Background Hemophilia A (HA) and hemophilia B (HB) are rare X-linked bleeding disorders. Hemophilia genotype is important to inform reproductive planning, pregnancy, neonatal management, inhibitor risk, disease severity, and understanding of disease mechanisms. MyLifeOurFuture (MLOF) was formed as a collaboration between the American Thrombosis and Hemostasis Network (ATHN), the National Hemophilia Foundation (NHF), Bloodworks (BW), and Biogen. Together with participating hemophilia treatment centers (HTCs), MLOF provided hemophilia genotype analysis for patients in the U.S. and created a Research Repository.

Methods HTCs contracted through ATHN, enrolled patients, obtained samples, and provided clinical results to patients. ATHN offered provider education, secure infrastructure for clinical data collection, and access for research proposals. NHF educated the bleeding disorders community about the initiative and supported recruitment. Biogen provided scientific collaboration and financial support. BW served as the central genotyping laboratory and houses the research sample repository. Genotyping was performed using a custom next generation sequencing screen followed by confirmation with a second method. Clinical results were returned to providers.

Results 107 HTCs enrolled 11,341 patients for testing: 8976 for HA (6180 males, 2796 females), 2358 for HB (1616 males, 742 females), 3 for HA/HB, 4 for hemophilia NOS. Clinically reportable variants were detected in 98.2%% of male HA and 98.1% of male HB patients. 1919 unique variants were found, 1486 in F8 and 433 in F9. Of these, 744 were novel (F8 n=610, F9 n=134). Two variants were detected in 95 patients, including 36 females.

In severe HA (n=3419), the most common variants were F8 inversions (44.7%), missense (16.8%), frameshift (16.1%), stop-gain (11.3%), large structural variants (SV) (5.7%), and splice (3.4%). In severe HB (n=564), the most common variants were missense (46.8%), stop-gain (24.1%), frameshift (9.4%), SV (8.3%), and splice (4.1%). Missense variants were the most common variants found in non-severe HA (81.1%) and HB (88.2%).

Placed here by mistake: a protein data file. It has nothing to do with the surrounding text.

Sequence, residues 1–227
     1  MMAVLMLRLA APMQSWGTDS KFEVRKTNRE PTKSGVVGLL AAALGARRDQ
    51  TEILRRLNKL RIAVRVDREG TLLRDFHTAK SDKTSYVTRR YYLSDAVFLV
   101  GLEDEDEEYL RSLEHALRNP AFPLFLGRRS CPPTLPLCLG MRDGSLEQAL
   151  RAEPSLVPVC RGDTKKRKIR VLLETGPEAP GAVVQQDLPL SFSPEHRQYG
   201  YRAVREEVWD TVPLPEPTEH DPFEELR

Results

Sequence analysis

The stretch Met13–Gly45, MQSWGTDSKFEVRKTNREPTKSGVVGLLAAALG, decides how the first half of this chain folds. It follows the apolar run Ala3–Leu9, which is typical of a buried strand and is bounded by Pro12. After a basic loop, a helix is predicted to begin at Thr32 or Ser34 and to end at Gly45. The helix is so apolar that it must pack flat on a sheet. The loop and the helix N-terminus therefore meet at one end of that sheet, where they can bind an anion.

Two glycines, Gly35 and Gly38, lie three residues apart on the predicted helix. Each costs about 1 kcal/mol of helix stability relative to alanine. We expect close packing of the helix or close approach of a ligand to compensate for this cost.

Inhibitor information is reported for 6986 MLOF patients (HA n=5583; HB n=1403) in the ATHNdataset. Inhibitors were more common in severe disease than non-severe disease in HA [29.8% (n=950/3193) vs. 9.0% (n=216/2390)] and HB [12.4% (n=63/508) vs. 1.9% (n=17/895)].

In severe HA, inhibitors were reported in ~50% of patients with large deletions (n=77/80), complex intron 22 inversions (n=9/17), or no variant found (n=7/14). Other gene-disrupting genotypes had intermediate inhibitor rates (25-36%): intron 1 inversions, intron 22 type 1 and type 2 inversions, stop-gain, splice, and frameshift. Lower rates (~7-14%) were reported with in-frame insertion-deletions, missense, and large duplications. In severe hemophilia B, inhibitors were most common with large deletions (57%, n=24/42).

Conclusions We here report our analysis of the complete dataset of MLOF, the largest hemophilia genetics project performed to date. Clinically reportable DNA variants were identified in nearly all patients. Our findings support the need for comprehensive gene sequencing and SV detection. Deletions, complex inversions, and "No variant found" were the highest risk genotypes for inhibitors in severe hemophilia. The incidence of discovery of novel variation was high (38%) and continued throughout the study, indicating additional variation remains undiscovered. In summary, MLOF has been a successful nationwide collaboration to genotype two rare bleeding disorders at a scale not previously done. This effort has contributed significantly towards identifying and better understanding DNA variation in the F8 and F9 genes in hemophilia.

Disclosures

Johnsen:Octapharma: Research Funding. Pierce:Voyager Therapeutics: Membership on an entity's Board of Directors or advisory committees; CRISPR Therapeutics: Consultancy; Decibel Therapeutics: Consultancy; Third Rock Ventures: Consultancy; Takeda: Consultancy; Geneception: Consultancy; Generation Bio: Consultancy; Global Blood Therapeutics: Membership on an entity's Board of Directors or advisory committees; BioMarin: Consultancy; Ambys Medicines: Consultancy; World Federation of Hemophilia.: Membership on an entity's Board of Directors or advisory committees. Recht:Genentech: Consultancy, Other: personal fees, Research Funding; CSL Behring: Consultancy, Other: personal fees; uniQure: Consultancy, Other: personal fees, Research Funding; Novo Nordisk: Consultancy, Other: personal fees, Research Funding; Spark: Research Funding; Takeda: Consultancy, Other: personal fees, Research Funding; BioMarin: Research Funding; Pfizer: Consultancy, Other: personal fees. Konkle:BioMarin: Consultancy; Sanofi: Consultancy, Research Funding; Sigilon: Consultancy, Research Funding; Pfizer: Consultancy, Research Funding; Baxalta: Research Funding; Spark: Consultancy, Research Funding; Takeda: Research Funding; Uniquire: Research Funding; CSL Behring: Consultancy; Roche: Consultancy.

Author notes

*

Asterisk with author names denotes non-ASH members.